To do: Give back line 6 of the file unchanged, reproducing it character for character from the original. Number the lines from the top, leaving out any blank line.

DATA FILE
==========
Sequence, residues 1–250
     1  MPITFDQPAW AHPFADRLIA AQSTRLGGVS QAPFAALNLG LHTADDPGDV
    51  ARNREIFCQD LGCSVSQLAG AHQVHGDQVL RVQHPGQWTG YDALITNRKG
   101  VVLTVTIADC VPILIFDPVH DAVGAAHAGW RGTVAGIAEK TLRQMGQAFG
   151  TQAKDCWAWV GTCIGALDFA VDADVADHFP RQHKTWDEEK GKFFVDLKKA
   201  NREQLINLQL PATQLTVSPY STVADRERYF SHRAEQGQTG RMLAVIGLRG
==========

   201  NREQLINLQL PATQLTVSPY STVADRERYF SHRAEQGQTG RMLAVIGLRG